Creer – "to believe" or "to think" – is a common irregular Spanish verb.
Dar, “to give,” is one of the most common Spanish verbs and is irregular in the present tense. It’s used much like its English equivalent.
Decir – to say or to tell – is an irregular Spanish verb.
Estar is one of two Spanish verbs that mean "to be."* Estar is used to describe the current state of a noun – temporary, changeable attributes.
The future is one of the simplest Spanish tenses. There is only one set of endings and most verbs – even those which are irregular in the present tense – use their infinitive as the root of the conjugation.
Wouldn’t it be nice if you could plan a perfect future? Too bad that’s not what the future perfect tense does. The grammatical term “perfect” means “completed,” so the future perfect is used to talk about something that will have happened or will have been completed at some point in the future.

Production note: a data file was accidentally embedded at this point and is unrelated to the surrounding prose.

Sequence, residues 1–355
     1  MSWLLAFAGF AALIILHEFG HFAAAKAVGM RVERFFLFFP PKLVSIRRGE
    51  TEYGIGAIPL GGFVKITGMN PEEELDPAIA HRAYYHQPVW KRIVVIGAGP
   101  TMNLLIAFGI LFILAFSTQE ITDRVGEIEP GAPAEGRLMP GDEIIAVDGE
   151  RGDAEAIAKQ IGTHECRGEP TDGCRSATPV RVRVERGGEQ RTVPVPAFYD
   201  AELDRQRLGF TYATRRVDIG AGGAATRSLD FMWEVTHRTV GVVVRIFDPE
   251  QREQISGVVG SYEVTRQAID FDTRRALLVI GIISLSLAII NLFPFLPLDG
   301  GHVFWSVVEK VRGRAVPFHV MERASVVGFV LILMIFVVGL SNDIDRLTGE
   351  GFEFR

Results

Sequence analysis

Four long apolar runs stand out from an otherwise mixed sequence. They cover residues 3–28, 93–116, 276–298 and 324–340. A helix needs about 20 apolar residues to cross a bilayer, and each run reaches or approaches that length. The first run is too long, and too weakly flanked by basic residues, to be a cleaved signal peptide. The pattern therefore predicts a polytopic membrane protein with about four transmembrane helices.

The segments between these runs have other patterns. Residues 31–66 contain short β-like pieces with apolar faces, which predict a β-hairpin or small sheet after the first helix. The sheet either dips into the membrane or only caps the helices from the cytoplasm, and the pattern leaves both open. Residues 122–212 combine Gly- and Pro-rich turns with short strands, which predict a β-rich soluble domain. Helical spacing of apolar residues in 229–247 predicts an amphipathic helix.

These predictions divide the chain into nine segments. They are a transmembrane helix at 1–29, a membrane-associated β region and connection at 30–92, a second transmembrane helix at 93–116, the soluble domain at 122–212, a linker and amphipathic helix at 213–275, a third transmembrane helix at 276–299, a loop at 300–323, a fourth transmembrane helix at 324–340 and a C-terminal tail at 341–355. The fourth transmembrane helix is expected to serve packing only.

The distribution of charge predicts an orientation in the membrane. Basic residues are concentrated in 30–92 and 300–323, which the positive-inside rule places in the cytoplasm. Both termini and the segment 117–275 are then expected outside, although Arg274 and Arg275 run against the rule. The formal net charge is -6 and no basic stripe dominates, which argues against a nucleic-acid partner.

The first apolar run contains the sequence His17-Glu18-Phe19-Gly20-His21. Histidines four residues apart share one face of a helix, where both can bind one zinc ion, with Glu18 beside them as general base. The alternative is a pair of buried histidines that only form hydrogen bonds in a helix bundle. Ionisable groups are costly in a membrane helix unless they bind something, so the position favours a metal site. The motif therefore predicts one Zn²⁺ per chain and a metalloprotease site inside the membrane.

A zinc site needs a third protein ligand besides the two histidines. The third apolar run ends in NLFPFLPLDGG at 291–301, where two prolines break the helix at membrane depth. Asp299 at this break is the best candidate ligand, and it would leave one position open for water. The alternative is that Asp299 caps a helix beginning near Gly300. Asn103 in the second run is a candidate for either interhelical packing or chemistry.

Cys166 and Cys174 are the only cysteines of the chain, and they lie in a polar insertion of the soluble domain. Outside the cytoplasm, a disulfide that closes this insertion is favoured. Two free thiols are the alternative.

The Spanish future progressive is very similar to its English counterpart (will be + -ing). In both languages, the future progressive expresses an action that will be in progress at a certain point in the future.
The future subjunctive is supposed to be used in Spanish when a verb or expression requiring the subjunctive in the main clause is in the present or future and refers to a future action.
The future tense is used for upcoming events. It is usually translated as "will."
There are a number of Spanish verbs which are regular in all but the first person singular. These are known as “g verbs” or “yo go verbs” because the first person singular requires an unexpected g.